Rene Ruston has been an L.A. based Realtor for the past 28 years and has earned countless awards doing so. In addition to her successful real estate career, she finds time to rescue animals from hoarding conditions and high kill shelters, going nose to nose with animal abusers and city officials alike. In addition to co-founding START, she is on the board of The Santa Paula Animal Rescue Center (SPARC) and the Rock & Rescue.
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Rene Ruston has been a top producing realtor for the past 28 years and has earned numerous awards for her production and professionalism. Aside from her successful career, she is the ultimate animal rescuer! She’s on the front line, helping many different organizations that strive to save animals such as START Rescue, The Santa Paula Animal Rescue Center and her newest project the Rock & Rescue, which she co-founded alongside her husband and other animal-loving friends.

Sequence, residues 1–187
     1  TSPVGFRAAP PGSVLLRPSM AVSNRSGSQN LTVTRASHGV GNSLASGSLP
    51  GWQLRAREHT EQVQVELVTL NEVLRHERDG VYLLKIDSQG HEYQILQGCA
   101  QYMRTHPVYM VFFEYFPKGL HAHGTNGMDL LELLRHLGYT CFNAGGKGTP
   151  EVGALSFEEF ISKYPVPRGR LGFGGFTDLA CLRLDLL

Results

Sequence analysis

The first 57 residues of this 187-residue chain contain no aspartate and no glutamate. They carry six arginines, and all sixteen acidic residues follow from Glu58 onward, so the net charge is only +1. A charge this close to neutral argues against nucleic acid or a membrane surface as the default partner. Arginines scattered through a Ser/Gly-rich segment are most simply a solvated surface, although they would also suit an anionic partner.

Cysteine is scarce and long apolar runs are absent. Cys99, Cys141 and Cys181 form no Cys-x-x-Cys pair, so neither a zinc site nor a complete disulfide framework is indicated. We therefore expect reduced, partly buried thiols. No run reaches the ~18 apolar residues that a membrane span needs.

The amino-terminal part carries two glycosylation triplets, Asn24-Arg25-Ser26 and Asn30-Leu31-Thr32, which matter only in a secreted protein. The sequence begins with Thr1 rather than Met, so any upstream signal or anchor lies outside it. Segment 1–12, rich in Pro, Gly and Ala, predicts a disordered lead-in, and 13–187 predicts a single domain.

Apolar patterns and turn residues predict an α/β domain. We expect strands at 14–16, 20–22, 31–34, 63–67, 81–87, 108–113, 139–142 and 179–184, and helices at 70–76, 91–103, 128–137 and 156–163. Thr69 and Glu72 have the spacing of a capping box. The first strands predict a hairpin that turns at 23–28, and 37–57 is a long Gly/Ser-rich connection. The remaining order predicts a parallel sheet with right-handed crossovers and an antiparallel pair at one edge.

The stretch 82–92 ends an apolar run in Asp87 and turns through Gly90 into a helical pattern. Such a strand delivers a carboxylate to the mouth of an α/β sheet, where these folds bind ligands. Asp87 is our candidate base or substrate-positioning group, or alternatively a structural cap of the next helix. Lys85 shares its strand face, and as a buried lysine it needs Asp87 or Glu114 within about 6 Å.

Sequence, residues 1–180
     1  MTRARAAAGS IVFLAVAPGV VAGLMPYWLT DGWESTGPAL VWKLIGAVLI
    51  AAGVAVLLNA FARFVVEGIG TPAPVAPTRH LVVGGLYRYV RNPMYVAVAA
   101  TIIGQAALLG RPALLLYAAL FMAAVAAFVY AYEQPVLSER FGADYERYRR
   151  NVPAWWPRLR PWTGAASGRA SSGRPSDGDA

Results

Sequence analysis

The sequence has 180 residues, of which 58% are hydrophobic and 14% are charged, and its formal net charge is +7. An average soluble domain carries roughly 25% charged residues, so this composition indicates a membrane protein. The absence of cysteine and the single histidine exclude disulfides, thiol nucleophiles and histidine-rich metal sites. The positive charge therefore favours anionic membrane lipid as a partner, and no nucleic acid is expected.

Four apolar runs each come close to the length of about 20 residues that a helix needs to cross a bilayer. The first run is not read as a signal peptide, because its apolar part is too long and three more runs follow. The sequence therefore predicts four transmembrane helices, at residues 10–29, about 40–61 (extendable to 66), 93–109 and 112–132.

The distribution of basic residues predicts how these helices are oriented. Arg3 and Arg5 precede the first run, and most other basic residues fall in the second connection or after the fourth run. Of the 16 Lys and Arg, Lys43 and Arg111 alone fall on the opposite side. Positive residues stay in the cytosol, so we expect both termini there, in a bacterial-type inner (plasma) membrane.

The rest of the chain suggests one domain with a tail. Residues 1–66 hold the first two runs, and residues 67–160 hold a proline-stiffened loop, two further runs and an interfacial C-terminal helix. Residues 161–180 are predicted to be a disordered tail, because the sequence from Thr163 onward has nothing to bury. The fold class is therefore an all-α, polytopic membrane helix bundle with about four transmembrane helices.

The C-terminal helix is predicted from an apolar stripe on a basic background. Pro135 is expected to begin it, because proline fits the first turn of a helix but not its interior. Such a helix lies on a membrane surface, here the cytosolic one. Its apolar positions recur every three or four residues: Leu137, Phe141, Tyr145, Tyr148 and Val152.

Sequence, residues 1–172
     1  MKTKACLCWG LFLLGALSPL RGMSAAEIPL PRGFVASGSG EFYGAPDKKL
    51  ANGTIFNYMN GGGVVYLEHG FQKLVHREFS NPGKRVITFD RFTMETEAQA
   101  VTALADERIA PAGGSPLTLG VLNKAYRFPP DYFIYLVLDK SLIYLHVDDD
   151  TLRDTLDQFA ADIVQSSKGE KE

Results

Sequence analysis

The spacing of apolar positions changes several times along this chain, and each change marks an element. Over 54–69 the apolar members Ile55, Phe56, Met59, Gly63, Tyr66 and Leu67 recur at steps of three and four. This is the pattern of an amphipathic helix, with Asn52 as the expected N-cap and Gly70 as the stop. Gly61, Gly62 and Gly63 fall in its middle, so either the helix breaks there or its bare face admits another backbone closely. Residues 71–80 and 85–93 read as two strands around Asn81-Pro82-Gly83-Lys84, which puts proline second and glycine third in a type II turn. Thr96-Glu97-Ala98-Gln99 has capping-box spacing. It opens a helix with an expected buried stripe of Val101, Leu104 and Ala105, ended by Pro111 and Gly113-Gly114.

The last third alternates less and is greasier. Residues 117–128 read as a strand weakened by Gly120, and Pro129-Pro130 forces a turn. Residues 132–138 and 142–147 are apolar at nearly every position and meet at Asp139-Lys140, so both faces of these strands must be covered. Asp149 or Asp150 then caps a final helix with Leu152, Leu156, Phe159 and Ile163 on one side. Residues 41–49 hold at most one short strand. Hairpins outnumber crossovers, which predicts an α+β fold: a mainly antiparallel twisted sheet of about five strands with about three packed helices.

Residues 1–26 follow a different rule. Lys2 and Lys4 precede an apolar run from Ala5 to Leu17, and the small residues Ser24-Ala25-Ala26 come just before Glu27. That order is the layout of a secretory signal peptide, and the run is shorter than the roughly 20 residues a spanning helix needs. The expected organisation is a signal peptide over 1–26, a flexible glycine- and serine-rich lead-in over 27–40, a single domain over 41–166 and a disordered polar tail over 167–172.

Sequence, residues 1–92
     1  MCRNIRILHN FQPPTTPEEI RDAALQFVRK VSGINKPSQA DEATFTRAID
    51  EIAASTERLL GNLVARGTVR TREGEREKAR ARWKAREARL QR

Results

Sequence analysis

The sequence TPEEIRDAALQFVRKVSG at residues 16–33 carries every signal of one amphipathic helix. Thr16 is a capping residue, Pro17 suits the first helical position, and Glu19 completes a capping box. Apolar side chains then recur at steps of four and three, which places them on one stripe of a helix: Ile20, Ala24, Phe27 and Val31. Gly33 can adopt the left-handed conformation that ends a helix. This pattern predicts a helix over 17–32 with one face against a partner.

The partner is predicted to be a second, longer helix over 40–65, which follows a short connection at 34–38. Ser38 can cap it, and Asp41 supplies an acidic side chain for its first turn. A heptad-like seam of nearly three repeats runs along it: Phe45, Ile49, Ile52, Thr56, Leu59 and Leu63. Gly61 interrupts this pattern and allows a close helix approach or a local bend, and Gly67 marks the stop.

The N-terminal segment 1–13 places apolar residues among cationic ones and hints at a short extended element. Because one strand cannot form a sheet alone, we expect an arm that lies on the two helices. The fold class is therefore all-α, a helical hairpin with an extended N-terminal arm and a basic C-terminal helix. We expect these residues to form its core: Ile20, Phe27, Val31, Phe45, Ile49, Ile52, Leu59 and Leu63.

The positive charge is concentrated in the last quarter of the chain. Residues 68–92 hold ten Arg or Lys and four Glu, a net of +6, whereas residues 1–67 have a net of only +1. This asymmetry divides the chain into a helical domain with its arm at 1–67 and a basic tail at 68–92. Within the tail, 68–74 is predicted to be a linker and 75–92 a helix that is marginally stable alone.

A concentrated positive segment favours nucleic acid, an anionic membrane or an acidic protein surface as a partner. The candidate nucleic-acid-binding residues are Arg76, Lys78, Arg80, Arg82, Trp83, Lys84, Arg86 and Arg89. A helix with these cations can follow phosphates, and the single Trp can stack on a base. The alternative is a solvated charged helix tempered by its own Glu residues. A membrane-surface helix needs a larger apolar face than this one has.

Hey Rene, welcome to the program. Thank you for having me. Well, I’m so excited to have you. You do so much for animals and I wanna learn more. So why don’t you start and kind of tell us your story in your background and how you got into all of this? Well, I was a realtor here in Los Angeles for 30 years. It was about maybe 17 or 18 years ago. I was doing real estate for banks taking in foreclosures, and I discovered that people sometimes leave their pets behind. And I had no background in animal rescue, no clue about the animal population crisis, nothing, and like most people, probably are if they’re not exposed to it. So I called animal control in the area and said, “Hey, can you come pick up this dog? They left it behind in a closet.” Oh my goodness. Did they? And so, it was shocking to me. But, you know, at the time I was just more or less trying to get this home on the market, and my naiveté figured, “oh, they’re probably be coming back for it. And you know, I don’t have time for this. I will take it to the shelter. They’ll get it from there.” Right. But little did I know, this is not how it works.